The December cotton contract on the ICE Futures U.S. exchange touched 78.48 cents a pound on Nov. 12, the strongest level since Nov. 6, before settling at 77.88 a pound. The contract recorded a marginally higher settlement the following day at 77.97 cents. December cotton had slumped to 75.27 cents a pound on Nov.5, the lowest since mid-January.

Some 56 percent of the U.S. cotton harvest was completed as of Nov. 10, the U.S. Department of Agriculture (USDA) reported on Nov. 12. This was below the five-year average of 66 percent and compares to the 73 percent harvested in the same week a year earlier, the USDA data indicated.

The U.S. department raised its forecast for global cotton inventories for the 2013-2014 crop year to a fresh record high of 95.71 million bales last week, citing higher supplies in India and the U.S.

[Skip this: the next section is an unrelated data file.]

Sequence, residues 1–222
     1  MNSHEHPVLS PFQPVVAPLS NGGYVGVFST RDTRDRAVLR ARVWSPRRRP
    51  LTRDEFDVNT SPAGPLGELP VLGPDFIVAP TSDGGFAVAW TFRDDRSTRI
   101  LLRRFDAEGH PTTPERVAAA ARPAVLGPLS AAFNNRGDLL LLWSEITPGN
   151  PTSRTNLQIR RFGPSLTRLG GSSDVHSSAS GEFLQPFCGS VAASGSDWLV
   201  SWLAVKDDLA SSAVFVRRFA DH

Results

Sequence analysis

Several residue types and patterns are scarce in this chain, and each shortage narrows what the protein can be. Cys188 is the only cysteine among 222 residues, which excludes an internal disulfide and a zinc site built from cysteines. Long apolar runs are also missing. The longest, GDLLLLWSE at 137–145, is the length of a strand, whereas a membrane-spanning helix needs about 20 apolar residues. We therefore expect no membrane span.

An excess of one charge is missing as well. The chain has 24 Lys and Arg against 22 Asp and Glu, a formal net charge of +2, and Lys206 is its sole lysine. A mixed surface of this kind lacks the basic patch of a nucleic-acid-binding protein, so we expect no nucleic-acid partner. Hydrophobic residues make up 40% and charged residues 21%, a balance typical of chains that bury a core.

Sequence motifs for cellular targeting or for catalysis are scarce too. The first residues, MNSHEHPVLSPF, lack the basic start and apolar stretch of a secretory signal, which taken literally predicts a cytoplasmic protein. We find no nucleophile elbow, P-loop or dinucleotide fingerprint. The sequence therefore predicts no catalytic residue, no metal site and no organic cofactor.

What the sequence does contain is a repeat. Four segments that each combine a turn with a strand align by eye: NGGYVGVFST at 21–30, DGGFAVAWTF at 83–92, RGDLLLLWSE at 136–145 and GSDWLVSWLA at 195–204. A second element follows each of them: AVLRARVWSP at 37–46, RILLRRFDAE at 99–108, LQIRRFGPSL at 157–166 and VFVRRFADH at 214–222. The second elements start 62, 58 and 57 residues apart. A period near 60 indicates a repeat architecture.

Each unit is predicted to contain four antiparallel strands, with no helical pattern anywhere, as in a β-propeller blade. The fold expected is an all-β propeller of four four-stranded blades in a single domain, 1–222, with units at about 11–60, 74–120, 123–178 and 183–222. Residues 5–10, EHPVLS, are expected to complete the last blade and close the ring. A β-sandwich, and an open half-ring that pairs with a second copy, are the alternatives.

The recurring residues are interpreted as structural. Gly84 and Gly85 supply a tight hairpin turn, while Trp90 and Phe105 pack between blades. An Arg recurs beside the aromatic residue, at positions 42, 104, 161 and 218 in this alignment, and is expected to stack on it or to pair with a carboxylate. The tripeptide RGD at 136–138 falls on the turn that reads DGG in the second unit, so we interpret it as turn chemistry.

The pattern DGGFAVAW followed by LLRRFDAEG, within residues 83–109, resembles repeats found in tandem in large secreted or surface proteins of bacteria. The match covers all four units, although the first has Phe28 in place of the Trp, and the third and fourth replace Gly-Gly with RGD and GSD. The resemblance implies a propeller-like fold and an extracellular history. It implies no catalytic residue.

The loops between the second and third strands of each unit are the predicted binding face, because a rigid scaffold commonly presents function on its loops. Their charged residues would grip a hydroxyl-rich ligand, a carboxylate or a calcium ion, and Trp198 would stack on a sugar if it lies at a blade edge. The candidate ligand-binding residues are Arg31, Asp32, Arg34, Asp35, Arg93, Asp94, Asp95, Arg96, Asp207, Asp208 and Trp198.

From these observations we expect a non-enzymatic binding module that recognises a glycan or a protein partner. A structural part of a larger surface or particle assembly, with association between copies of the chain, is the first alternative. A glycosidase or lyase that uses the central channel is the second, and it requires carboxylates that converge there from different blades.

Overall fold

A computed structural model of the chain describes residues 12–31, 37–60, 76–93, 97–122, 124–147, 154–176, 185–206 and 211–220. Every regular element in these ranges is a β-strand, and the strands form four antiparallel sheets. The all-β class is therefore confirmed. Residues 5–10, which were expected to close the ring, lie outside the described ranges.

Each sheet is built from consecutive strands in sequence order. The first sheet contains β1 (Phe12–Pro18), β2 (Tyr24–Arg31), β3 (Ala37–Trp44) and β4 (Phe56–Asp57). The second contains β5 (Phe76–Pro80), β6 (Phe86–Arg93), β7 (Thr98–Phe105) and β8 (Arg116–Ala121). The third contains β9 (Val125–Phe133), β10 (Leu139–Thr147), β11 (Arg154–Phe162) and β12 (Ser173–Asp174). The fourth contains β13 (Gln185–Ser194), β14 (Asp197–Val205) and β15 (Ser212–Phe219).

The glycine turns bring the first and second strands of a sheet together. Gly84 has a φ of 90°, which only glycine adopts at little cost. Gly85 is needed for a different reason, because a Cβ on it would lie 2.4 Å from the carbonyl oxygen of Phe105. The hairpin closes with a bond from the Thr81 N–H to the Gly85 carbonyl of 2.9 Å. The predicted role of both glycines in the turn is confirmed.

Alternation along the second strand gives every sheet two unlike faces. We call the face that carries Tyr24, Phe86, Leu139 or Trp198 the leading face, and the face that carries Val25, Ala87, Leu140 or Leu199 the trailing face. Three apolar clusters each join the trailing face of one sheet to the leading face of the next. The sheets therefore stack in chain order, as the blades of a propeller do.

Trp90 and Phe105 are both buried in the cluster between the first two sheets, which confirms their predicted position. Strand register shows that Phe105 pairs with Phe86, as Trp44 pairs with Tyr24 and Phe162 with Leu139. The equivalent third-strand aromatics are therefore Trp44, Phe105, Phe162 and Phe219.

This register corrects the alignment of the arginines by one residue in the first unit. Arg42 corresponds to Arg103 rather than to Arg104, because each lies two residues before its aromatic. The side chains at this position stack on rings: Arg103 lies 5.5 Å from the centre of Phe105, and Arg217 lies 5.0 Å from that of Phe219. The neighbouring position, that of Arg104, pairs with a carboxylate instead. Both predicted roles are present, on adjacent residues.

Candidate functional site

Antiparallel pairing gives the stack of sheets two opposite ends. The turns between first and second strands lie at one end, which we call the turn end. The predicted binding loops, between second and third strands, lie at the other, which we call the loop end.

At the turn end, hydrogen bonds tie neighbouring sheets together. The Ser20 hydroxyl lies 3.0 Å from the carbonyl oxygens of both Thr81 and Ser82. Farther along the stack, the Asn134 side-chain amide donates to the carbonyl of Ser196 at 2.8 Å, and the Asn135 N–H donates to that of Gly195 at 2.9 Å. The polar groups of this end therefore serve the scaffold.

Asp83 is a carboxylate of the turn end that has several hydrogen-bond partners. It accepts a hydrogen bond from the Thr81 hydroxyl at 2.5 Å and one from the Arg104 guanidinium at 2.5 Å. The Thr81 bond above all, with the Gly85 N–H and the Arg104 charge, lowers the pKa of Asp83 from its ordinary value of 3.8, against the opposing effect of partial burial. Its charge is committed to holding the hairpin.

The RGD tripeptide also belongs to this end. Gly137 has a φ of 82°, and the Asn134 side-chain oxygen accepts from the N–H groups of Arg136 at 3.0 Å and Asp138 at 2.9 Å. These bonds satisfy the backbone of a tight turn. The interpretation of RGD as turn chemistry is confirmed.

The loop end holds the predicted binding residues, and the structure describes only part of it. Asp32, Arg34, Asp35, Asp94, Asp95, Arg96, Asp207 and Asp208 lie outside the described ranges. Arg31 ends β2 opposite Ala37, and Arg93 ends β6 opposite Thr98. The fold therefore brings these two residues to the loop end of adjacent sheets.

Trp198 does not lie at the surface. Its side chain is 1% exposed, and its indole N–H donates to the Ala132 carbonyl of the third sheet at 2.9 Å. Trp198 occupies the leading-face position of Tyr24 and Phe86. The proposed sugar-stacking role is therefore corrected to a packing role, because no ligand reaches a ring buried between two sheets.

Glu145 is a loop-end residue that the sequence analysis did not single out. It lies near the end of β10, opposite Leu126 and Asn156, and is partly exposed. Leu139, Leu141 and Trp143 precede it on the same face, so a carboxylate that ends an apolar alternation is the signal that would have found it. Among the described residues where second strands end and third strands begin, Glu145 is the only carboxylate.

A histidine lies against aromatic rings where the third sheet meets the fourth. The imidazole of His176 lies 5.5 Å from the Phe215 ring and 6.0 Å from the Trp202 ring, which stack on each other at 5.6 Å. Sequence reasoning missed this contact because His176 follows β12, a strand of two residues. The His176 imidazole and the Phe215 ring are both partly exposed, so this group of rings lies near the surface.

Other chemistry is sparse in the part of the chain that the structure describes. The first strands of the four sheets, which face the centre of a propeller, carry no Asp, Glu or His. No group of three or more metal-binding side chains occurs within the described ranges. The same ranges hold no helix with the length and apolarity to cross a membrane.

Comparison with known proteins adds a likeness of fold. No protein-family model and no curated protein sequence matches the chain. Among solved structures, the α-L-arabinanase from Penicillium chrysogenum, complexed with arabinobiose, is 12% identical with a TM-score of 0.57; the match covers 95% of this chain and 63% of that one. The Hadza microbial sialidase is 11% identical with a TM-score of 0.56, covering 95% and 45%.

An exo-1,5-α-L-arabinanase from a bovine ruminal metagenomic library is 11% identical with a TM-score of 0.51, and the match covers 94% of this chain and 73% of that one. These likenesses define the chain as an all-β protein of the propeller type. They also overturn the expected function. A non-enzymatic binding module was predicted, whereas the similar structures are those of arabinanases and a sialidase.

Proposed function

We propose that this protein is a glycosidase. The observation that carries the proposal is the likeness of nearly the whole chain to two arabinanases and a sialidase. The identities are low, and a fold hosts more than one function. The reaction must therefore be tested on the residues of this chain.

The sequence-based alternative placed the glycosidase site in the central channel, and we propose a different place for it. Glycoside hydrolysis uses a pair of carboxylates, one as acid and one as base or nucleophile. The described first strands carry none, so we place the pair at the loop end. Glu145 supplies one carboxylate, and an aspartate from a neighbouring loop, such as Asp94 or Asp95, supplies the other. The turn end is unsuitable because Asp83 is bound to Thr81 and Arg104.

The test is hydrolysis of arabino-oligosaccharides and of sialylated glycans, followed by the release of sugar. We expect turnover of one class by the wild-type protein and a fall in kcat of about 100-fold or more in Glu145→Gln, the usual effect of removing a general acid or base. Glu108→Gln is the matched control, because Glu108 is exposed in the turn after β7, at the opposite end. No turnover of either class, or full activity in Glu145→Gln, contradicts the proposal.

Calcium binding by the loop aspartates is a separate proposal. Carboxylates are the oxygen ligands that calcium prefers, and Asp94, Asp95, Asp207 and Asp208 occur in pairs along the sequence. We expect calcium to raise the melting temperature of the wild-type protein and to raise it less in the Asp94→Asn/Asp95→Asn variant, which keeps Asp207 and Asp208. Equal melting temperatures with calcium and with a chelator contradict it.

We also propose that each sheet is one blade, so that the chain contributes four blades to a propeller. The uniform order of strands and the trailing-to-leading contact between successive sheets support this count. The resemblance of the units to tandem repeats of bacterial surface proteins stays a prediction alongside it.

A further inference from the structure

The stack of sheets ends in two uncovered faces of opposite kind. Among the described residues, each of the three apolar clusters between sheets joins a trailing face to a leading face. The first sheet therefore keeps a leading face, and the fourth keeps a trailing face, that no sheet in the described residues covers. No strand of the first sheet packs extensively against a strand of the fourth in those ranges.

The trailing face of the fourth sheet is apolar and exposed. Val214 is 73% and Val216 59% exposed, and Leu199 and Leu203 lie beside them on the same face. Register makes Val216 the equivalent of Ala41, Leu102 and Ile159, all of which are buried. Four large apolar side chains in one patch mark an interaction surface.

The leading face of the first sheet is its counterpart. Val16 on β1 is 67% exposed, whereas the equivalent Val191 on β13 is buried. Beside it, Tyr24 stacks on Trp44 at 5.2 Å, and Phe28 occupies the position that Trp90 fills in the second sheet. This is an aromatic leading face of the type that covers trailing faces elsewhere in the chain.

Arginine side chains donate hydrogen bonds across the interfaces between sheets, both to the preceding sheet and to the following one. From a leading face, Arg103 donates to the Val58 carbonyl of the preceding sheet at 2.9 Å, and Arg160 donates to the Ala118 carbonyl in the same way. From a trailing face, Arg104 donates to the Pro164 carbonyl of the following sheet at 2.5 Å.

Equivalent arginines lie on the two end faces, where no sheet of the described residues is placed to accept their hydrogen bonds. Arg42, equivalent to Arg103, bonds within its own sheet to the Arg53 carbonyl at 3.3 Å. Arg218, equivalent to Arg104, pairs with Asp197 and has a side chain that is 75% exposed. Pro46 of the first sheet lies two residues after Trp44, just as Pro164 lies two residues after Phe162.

Refined, or white, sugar prices fell to a more-than three-year low in London, pressured by weak demand and ample supplies. December refined sugar on NYSE Liffe dropped to $457.30 a tonne at midweek, before moving up a tad to settle at $457.50 a tonne.

Raw sugar futures, meanwhile, dropped to a six-week low, pressured by the Brazilian harvest and weaker real. The March contract on ICE Futures U.S. closed at 17.80 cents a pound after touching a six-week low of 17.79 cents on Nov 12. March raw sugar finished marginally higher the following day at 17.84 cents a pound.